Synthetic Cannabinoids and the New Drug Crisis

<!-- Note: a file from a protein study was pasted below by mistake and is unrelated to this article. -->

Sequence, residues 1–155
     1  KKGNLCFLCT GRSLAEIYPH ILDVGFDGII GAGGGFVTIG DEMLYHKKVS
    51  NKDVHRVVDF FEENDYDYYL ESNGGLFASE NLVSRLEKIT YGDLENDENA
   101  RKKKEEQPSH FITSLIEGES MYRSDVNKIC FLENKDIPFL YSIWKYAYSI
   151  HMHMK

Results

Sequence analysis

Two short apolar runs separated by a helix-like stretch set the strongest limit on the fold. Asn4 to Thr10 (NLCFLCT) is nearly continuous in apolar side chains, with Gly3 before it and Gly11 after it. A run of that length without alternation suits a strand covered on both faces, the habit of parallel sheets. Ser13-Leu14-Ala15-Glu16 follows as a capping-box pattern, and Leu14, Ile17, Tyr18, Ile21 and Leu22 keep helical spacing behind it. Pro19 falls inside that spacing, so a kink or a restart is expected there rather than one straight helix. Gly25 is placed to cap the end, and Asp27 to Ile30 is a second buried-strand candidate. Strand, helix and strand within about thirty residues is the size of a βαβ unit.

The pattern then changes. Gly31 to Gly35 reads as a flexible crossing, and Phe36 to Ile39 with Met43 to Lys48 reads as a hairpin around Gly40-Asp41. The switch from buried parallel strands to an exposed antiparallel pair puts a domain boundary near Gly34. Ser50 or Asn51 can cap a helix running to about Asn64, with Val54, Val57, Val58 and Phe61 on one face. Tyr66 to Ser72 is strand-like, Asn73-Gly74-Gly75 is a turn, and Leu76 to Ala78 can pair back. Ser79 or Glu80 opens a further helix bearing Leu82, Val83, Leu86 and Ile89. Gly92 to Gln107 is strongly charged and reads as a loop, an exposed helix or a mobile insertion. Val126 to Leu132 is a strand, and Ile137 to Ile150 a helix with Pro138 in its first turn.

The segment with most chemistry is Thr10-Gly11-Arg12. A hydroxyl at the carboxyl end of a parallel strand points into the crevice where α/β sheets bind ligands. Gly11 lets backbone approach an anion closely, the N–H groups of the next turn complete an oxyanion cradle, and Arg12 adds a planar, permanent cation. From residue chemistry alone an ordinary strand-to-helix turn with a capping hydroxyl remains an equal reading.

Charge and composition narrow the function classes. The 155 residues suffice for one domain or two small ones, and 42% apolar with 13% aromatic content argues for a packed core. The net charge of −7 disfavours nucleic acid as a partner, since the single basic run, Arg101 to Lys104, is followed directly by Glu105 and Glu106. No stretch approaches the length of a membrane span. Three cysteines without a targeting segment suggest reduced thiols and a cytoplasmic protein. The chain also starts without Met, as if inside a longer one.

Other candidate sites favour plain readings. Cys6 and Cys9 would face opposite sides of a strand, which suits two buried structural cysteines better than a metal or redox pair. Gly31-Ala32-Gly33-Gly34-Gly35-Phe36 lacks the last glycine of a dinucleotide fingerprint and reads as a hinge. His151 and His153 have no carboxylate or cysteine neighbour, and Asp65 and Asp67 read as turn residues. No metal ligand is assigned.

Synthetic cannabinoids, more popularly known as “fake weed”, K2, or Spice, was originally produced as a way to study the functions of Tetrahydrocannabinol (THC), the active psychoactive substance found in cannabis, and its interactions with cannabinoid receptors. During its first debut as an illicit drug in 2004, synthetic cannabinoids were first being sold at local gas stations as incense, and thus, sellers of this drug were able to circumvent law enforcement by packaging them with labels stating “Not for Human Consumption.” The creation of many synthetic cannabinoids are so simple that they can easily be created illicitly. Also, the simplicity of the synthetic pathway allows the starting materials to be easily changed to create a new synthetic cannabinoid. Due to increased legal action, production of synthetic cannabinoids has evolved with many new strains, some including brodifacoum, an anticoagulant poison commonly found in rat poisons, and has been added to intensify the high. With the addition of unregulated chemicals, using synthetic cannabinoids has resulted in detrimental health effects including hallucinations, strokes, seizures, vomiting, heart failure, and even death. We are now in the midst of a synthetic cannabinoid crisis, or rather, is this merely the beginning of a new drug epidemic?

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